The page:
Rasta Thomas’ Bad Boys of Dance opened the second act with highlight reel gymnastics and moves. See below when they were on So You Think You Can Dance.
My partner raved over the contemporary piece called “Y” from Company | E, and our friend could not get enough of the Washington Ballet Studio Company and their sweet, sensitive performance.
DC returned to its international flair with Farafina Kan performing the Sound of Africa, with some amazing drum solos.
Fall season means children return to school, football starts in college and the NFL, and the theater season begins anew. This year’s off to a great start with Annie Baker’s comedy Body Awareness. Washington, DC theater goers saw her play, Circle Mirror Transformation, at Studio Theater in the fall of 2010. Body Awareness was written a few years before Baker’s hit, Circle Mirror, but held my interest much more than the latter.
It’s Body Awareness Week at Shirley College, and the non-traditional Vermont family members Phyllis, Joyce and their possibly autistic son Jared are rocked by a visiting photographer and his ‘male gaze.’ I’d heard about the play through the Jewish Community Center’s Gay Lesbian group, GLOE. They liked that the play simply featured a lesbian couple without making it the center of the action. It’s true that the couple is respected and not made a central part of the story.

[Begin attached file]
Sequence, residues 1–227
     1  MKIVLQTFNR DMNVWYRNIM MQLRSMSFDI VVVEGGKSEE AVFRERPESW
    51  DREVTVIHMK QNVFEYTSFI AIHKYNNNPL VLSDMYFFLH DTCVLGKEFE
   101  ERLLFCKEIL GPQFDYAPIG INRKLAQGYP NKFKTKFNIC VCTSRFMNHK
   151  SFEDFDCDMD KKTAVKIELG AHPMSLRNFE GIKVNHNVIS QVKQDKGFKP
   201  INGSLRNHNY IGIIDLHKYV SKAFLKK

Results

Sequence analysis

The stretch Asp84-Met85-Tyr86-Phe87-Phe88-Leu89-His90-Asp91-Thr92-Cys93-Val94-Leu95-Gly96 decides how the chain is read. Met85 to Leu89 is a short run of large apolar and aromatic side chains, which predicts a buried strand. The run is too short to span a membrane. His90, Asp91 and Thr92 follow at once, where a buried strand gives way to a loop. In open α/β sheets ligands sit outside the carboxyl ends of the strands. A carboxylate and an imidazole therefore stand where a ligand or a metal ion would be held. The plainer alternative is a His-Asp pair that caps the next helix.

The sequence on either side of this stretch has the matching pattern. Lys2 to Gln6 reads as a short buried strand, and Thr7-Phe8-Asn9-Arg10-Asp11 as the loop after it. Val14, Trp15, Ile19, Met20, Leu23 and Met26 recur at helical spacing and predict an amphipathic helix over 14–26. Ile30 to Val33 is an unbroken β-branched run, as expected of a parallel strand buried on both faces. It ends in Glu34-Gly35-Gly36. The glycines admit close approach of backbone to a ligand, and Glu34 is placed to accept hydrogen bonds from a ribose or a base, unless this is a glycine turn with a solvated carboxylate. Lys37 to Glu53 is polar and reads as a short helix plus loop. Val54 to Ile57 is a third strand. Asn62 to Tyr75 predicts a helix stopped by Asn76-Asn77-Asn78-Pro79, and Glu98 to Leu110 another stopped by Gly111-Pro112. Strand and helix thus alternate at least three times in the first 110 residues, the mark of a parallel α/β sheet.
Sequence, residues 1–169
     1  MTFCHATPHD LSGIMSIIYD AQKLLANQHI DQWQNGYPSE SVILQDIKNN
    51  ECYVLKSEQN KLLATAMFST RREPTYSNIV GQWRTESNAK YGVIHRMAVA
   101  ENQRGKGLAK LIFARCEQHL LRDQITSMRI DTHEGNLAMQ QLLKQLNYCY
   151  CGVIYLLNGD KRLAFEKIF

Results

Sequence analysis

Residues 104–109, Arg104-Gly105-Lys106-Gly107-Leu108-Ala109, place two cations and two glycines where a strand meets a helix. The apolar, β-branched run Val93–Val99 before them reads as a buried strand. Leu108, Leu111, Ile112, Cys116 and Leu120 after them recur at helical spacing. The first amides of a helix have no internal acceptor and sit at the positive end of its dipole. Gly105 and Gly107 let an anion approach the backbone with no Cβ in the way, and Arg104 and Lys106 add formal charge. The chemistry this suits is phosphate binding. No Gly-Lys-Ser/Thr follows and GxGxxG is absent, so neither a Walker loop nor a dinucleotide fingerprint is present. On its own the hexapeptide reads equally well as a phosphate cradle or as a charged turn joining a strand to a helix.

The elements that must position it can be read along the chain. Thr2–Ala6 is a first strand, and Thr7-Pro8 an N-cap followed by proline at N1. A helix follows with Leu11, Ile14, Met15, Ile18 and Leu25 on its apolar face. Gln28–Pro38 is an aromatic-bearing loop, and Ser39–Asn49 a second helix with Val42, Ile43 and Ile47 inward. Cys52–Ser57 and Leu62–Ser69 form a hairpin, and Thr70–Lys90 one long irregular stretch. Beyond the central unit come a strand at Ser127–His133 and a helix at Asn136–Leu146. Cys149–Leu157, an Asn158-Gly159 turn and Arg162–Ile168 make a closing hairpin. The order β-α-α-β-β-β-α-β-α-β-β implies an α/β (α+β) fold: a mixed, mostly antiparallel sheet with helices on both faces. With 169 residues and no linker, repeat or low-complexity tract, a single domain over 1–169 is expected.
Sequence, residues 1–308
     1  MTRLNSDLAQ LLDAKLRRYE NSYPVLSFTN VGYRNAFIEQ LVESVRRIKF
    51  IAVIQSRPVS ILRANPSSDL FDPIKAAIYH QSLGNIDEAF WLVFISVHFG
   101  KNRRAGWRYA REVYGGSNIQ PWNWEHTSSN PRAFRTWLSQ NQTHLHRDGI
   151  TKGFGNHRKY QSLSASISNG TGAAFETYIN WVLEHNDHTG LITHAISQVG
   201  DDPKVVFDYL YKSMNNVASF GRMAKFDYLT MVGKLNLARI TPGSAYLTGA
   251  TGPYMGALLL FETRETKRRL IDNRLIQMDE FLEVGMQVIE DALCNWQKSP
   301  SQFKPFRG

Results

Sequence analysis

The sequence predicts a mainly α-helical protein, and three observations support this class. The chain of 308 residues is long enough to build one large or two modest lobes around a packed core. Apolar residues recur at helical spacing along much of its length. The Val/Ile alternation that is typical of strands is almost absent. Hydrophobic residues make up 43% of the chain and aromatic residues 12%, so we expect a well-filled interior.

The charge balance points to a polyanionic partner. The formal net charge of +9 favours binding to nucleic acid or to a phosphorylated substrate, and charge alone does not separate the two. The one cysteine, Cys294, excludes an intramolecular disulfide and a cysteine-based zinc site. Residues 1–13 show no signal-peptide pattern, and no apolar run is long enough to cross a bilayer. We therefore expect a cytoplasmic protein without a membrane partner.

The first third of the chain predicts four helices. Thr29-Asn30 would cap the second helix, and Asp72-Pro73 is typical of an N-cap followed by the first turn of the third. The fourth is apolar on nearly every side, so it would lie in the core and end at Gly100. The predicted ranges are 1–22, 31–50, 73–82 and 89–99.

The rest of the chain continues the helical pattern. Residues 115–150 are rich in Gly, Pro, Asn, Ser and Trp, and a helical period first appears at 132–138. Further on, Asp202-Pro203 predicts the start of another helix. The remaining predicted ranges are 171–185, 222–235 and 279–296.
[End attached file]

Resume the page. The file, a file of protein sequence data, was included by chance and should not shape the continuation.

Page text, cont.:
What makes the play so strong is that the dialogue is crisp and believable and the performances of all the actors are very natural. In addition, the play allows its characters to grow and for audience members to come to understand them and even like them.
The play raises questions regarding interpreting truth, when to use logic and when to go with instincts, and how to appreciate others who may be quite different from you. The jibes to PC are accurate but seemed a little too easy sometimes, as the US culture has begun to move away from the PC police era of the late 1980s and 1990s.
The playwright’s interview which appears in the program, noted that she wanted to complicate the things that we think of as “stupid.” One method was to have her least mature character call everything that he didn’t like “stupid,” illuminating that it takes a high degree of maturity to give credence to things that you either do not like or strongly disagree with. The Republicans are testing my patience this week.
Neil LaBute’s recent play, In the Forest, Dark and Deep, appeared as the opening for this year’s Contemporary American Theater Festival in Shepardstown, West Virginia. A group of us left steamingly hot Washington and drove out to see the play on Saturday. One of four enjoyed it while another found it interesting. Myself and my husband both anticipated much of the secrets that the play revealed and this led to us having a disappointed feeling.